Ghari ousts Wheel to be Detergent No 1 (in Oct & Nov 2011)

10 Jan,2012

By Sagar Malviya


Twenty-five years after launching a laundry brand inspired by Nirma, Ghari detergent appears to have edged out, at least temporarily, Hindustan Unilever’s Wheel from the number one slot in the Rs 13,000-crore laundry industry.


Ghari, manufactured by Kanpur-based Rohit Surfactants Pvt Ltd (RSPL), had a higher share in October and November than Wheel, a brand that contributes over Rs 2,500 crore, or 12%, of the Rs 20,000-crore top line of Unilever Plc’s Indian unit.


“As per value market share data, on a 12-month average share basis, the gap between Wheel and Ghari now stands at just 30 basis points; however, Ghari’s shares were higher than Wheel for the last two months,” said brokerage firm Prabhudas Lilladher in a report, dated January 2, quoting numbers from market research firm The Nielsen Company.


In November, Ghari had a 17.4% share compared with Wheel’s 16.9%, according to people familiar with the numbers. The market researcher will generate data for December in the third week of January.


Ghari’s achievement is reminiscent of the feats of Ahmedabad-based Nirma, whose eponymous washing power evicted HUL’s Surf from the top slot in 1985. Nirma achieved this by pricing its products considerably lower than Hindustan Lever (HLL), as the company was then known as.


The resultant rumpus and the incumbent’s fierce response are part of Indian business folklore and have made it to management textbooks.


HUL, which contributed 6% to Unilever’s top line in 2010, eventually prevailed as Nirma’s challenge faded in the early years of this century, with the global consumer giant stepping up marketing and advertising spend to levels its homegrown rival could not match. Wheel, the detergent whose market leadership is under threat, is very much a product of that period.


HUL still dominates


A powder variant of Wheel was introduced in 1988 to take on Nirma’s challenge. Despite the wobbles in October and November last year, HUL still dominates the detergent market with Wheel as the country’s largest brand on a yearly comparison, though the gap has been narrowing each quarter. The Hindustan Unilever spokesman declined comment on the data.


“Our laundry category has grown significantly ahead of market in both volume and value in the period from January 2011 to September 2011. Wheel also contributed significantly to this with strong double-digit growth driven both by volume and price,” the spokesman added.


The company said it could not validate the Nielsen data. “We cannot confirm the factual correctness of the market share data you have emailed as it is proprietary data of Nielsen. We request you to contact Nielsen to validate the data.” The Nielsen Company’s spokeswoman said: “As per company policy, I will not comment on brand specific data and will not be able to verify and validate the data.”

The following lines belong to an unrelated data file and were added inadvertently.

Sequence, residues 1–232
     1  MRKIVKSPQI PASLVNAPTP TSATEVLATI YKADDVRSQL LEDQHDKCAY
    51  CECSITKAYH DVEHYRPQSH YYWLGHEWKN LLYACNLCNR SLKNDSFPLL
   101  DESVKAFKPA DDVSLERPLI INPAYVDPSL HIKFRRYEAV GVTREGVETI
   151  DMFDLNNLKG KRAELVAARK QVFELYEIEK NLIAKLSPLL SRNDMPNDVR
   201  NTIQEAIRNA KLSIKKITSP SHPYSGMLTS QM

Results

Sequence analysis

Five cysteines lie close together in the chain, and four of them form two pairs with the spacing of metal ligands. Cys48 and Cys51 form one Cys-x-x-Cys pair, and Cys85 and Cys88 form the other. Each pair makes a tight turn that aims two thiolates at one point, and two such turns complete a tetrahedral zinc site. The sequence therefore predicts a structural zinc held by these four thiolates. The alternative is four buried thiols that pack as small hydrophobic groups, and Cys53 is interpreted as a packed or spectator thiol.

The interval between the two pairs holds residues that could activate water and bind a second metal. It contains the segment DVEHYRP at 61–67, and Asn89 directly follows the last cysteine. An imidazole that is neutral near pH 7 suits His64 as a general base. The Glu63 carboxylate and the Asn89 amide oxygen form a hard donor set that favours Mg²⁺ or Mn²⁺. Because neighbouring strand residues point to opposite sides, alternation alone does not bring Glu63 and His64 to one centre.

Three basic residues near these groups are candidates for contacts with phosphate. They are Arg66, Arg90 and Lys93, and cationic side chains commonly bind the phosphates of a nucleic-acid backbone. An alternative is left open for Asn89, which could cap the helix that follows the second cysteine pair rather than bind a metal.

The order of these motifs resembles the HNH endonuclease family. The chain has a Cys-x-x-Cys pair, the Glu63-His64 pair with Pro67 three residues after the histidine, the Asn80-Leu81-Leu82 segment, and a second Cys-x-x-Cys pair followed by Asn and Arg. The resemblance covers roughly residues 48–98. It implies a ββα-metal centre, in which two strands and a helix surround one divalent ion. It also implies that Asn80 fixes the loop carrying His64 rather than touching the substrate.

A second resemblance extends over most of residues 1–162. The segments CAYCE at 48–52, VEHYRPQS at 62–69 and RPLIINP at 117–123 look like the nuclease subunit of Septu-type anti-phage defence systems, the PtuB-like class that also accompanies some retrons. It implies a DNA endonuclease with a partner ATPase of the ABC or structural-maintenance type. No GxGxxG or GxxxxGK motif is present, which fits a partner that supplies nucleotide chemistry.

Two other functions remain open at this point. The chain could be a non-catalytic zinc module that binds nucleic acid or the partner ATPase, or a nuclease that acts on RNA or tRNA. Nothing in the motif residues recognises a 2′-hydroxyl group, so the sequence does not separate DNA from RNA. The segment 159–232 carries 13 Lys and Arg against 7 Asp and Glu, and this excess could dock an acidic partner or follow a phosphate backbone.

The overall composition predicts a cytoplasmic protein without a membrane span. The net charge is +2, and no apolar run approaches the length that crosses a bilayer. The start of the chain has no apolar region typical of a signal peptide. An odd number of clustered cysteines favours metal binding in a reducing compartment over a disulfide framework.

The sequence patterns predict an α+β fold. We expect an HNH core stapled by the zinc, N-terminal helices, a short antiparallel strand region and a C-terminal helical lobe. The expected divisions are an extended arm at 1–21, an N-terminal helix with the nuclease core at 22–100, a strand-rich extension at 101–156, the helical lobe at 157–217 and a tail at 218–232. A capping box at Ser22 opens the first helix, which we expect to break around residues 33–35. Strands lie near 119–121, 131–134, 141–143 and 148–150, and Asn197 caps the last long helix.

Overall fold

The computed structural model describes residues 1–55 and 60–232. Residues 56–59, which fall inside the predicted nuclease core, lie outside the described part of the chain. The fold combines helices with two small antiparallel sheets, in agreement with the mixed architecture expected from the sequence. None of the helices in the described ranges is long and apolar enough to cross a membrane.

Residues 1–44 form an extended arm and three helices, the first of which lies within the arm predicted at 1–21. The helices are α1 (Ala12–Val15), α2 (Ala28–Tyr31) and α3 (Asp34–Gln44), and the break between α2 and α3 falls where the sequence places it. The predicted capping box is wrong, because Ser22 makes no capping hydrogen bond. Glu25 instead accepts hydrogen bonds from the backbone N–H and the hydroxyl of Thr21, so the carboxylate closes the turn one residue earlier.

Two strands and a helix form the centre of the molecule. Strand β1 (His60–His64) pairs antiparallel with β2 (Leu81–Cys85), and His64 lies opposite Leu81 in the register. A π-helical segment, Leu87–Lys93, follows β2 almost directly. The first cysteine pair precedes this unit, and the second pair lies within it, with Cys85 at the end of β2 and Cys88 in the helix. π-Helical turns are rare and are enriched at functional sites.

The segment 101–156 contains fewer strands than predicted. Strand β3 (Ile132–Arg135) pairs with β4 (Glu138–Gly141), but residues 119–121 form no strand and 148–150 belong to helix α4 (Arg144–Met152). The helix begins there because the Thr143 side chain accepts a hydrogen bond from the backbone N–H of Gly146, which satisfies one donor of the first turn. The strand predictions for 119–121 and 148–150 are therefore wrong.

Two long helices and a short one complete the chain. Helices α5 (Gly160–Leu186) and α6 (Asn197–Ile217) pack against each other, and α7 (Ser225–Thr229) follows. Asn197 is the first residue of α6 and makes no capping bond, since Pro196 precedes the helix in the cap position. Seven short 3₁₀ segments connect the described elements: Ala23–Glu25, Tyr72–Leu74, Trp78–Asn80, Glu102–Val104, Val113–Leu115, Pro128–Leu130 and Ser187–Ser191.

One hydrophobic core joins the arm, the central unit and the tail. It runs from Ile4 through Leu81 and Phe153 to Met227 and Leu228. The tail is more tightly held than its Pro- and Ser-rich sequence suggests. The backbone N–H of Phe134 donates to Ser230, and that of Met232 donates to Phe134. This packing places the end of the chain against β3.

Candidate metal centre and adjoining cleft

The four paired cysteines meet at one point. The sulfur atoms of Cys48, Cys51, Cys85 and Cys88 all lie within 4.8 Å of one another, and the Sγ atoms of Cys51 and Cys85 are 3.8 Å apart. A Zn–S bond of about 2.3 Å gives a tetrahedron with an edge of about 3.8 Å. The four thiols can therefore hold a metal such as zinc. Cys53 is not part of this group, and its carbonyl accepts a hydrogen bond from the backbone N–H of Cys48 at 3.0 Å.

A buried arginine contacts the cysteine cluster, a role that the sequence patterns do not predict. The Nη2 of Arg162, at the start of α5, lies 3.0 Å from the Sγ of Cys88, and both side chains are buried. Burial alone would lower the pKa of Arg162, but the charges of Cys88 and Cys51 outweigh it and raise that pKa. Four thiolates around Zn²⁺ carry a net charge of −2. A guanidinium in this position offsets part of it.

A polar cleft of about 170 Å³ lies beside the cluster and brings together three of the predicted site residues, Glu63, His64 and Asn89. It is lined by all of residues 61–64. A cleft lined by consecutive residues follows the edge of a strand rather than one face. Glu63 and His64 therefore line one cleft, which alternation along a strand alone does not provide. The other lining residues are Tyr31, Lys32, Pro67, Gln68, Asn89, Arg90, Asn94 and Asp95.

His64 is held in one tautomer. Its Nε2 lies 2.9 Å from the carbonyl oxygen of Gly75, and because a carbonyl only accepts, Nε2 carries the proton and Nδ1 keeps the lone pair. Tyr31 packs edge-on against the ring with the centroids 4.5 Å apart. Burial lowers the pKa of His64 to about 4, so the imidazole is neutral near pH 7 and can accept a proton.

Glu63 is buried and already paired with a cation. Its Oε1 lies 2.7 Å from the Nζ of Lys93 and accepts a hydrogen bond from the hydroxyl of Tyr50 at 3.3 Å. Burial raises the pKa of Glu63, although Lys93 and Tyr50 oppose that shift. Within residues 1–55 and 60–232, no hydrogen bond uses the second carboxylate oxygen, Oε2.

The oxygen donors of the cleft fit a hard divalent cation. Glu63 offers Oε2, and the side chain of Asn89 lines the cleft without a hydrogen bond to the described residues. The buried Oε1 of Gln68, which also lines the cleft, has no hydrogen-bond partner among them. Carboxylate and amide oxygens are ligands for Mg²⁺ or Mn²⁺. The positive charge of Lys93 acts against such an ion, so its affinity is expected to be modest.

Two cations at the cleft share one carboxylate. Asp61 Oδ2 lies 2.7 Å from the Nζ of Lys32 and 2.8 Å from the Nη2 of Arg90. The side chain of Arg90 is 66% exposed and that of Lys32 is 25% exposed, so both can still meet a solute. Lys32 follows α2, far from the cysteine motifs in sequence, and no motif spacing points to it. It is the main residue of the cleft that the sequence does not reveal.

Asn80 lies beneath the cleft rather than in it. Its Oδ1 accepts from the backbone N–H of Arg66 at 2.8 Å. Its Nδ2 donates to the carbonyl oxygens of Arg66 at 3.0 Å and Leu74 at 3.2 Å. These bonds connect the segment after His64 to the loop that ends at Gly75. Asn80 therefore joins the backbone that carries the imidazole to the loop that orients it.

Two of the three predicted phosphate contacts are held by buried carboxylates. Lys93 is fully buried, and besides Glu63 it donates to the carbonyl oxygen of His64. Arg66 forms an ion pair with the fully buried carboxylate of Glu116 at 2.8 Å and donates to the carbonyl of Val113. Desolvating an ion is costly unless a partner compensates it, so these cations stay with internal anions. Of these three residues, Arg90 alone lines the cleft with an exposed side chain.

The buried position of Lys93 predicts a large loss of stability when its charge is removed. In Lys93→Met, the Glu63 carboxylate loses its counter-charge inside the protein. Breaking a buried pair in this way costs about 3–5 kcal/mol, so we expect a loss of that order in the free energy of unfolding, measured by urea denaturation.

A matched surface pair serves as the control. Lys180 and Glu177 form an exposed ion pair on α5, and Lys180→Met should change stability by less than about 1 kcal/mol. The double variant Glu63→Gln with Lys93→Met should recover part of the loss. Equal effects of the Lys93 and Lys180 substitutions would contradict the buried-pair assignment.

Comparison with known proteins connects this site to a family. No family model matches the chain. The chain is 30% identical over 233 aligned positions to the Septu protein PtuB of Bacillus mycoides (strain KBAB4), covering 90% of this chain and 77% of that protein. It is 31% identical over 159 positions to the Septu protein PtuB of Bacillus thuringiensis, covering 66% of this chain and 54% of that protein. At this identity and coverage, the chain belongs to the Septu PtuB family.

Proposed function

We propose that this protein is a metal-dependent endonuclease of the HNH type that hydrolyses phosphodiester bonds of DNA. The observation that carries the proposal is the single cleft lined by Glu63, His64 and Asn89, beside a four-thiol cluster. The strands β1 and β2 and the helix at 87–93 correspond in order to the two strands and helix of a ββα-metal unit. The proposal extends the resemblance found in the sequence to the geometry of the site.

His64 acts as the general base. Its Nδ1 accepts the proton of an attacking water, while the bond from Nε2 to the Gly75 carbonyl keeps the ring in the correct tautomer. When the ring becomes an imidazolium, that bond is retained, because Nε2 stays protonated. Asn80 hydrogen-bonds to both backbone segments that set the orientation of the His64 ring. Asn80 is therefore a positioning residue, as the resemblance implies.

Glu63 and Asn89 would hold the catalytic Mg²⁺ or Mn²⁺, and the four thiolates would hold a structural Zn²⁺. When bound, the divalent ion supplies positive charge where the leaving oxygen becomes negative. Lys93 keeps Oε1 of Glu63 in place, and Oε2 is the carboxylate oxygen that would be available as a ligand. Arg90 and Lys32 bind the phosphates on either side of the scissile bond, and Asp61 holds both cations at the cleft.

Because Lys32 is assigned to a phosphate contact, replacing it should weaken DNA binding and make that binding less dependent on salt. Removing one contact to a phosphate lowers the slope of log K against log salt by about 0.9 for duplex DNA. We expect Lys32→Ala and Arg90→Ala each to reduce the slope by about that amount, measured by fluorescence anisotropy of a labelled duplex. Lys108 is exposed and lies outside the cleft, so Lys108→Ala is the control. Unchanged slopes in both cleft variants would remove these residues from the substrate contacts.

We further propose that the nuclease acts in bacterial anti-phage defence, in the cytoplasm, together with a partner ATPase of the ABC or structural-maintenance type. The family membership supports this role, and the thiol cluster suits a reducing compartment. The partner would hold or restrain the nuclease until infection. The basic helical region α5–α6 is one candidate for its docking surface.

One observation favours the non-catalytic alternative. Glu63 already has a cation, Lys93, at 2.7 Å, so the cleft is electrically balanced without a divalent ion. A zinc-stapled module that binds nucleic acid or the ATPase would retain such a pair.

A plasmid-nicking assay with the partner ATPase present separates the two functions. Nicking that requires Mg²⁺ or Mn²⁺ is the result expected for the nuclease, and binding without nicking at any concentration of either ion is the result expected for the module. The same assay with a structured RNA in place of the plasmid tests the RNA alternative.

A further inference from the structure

Big hitters from Kanpur


Both Wheel and Rin, another detergent from the HUL stable, have increased their market shares compared with the same year, but have been lapped by the faster growth achieved by Ghari, which was launched in 1987 by brothers Muralidhar and Bimal Kumar Gyanchandani.


The Ghari phenomenon, emerging as it did from Kanpur, a business backwater, has been widely celebrated by many as an example of small town entrepreneurial chutzpah. “Losing share isn’t as big as losing leadership in its largest brand.


In trying to maintain its margins, HUL didn’t adjust the pricing at the challenger’s level and that did the trick,” says a former HUL senior executive who was directly involved with HUL’s operation STING (Strategy To Inhibit Nirma’s Growth) in the late eighties.


In 2011, Ghari gained not only by growing faster than Wheel but also yesteryear’s price warriors such as Nirma, which has less than 6% share now. “While Wheel may have maintained its market share, its other brand Rin has been consistently gaining share clearly reflecting the company’s premiumisation strategy,” said Anand Mour of Ambit Capital.


“On the other hand, Ghari has taken share from smaller regional players, especially brands from the southern states, where it entered last year.”


Ghari’s expansion


RSPL attributes its growth to a variety of factors, including expansion to more states. The company has entered 10 more states in the last three years and now peddles its ware in 19 states, through more than 3,500 dealers. It has 21 manufacturing units, 15 of which were added since 2006.


“We will be setting up plants in Bihar, Raipur and Karnataka soon to catch up with our sales growth of over 25% in the last nine months. Even in volume terms, we have been growing more than 10%,” said Mr Sushil Kumar Bajpai, president (corporate affairs) & company secretary, RSPL.


Also, what’s helped Ghari is the sheer size of its home market Uttar Pradesh, which contributes 17% to total FMCG revenues, according to The Nielsen Company. Judging by its past, HUL is likely to respond fiercely.


“Hindustan Unilever has a tremendous capability to fight back and they will do it soon,” says Mr Amin Babwani, an independent consultant who has spent three decades with HUL.


It clearly has the marketing muscle to do so. The company’s existing distribution footprint in rural India, where a brand such as Wheel would sell, reaches nearly 200,000 villages, which is nearly double the industry average.


“The growth in soaps and detergents segment will come from gradual upgradation of cheaper alternatives, ” said Mr Vijay Chugh of BNP Paribas Securities India in a recent report.


Source: The Economic Times

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